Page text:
- If a dog is resting with her puppies or seems very protective of her puppies and anxious about your presence
- If a dog is playing with a toy
- If a dog is growling or barking
- If a dog appears to be hiding or seeking time alone
Reading a dog’s body language also can be helpful. Just like people, dogs rely on body gestures, postures and vocalizations to express themselves and communicate. Dogs can give us helpful clues as to whether a dog is feeling stressed, frightened, or threatened.
K-9 STUDY & LAWSUITS
The Washington Post recently highlighted the dozens of video-recorded K-9 attacks that have surfaced over the past few years across the country, many showing people under attack even though they are unarmed, have surrendered to police, are already handcuffed or are innocent bystanders
An estimated 40,000 people were treated for K-9 attacks in hospital emergency rooms from 2009 to 2018, according to the U.S. Centers for Disease Control and Prevention. Although deaths are rare, the nonprofit Marshall Project news organization found at least three people had died of injuries from police dog bites since 2011.
Today, about 15,000 police dogs are now working in the United States.
Some psychologists say the premise behind the use of police dogs — to subdue and get a suspect to become motionless — is faulty at its core. Humans are hard-wired to actively fight an attack that might lead to serious injuries or death. Many Black suspects also have frightening personal histories of ancestors being hunted by canines.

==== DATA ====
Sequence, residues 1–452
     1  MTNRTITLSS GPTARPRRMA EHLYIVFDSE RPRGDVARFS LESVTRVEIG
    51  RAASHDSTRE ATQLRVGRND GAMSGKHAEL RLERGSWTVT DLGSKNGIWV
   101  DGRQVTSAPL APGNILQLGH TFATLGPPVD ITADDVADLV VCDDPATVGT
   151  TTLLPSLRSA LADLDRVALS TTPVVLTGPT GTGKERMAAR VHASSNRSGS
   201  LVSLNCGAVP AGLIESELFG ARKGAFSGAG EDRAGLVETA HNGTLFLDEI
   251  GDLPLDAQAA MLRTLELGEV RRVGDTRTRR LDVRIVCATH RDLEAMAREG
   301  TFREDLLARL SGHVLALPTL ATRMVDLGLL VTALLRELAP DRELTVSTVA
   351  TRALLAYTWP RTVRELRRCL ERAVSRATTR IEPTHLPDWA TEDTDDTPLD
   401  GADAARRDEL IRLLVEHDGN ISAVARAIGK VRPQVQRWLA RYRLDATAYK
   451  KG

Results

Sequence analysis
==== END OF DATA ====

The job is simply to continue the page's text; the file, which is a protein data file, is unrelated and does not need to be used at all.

In some cases, the people who were bitten have received financial settlements through civil lawsuits, including clients of Chain | Cohn | Stiles. The law firm resolved a lawsuit in 2016 on behalf of a Bakersfield woman for $2 million in what was the largest award for a dog bite case against a public entity in California at the time, according to VerdictSearch, a verdict and settlement database. In this case, a 21-year-old was attacked by a K-9 dog accompanying a Kern County Sheriff’s deputy while outside of a restaurant in north Bakersfield. Responding to a domestic dispute, the deputy exited his patrol vehicle and began walking toward Casey. At that time, the K-9 exited the patrol car, ran toward Casey and began biting her for 60 to 90 seconds. Casey suffered several major bite wounds to her leg. Investigation found that the K-9 escaped from its holding kennel in the back of the patrol car due to a mechanical defect inside of the car. The deputy agreed that the K-9 should not have been let out of the patrol car. In addition, the K-9 failed to respond to commands from the deputy to cease attacking.
Most recently, Chain | Cohn | Stiles filed a claim on behalf of the family of a second-grade student who was bitten on the face by a dog while in her classroom. Leilani, 8, suffered severe lacerations and tearing to her face when she was attacked by one of two large dogs visiting her classroom at Wayside Elementary School (Bakersfield City School District) in south Bakersfield. The dogs belonged to a volunteer reader from the Kern County Superintendent of Schools Office.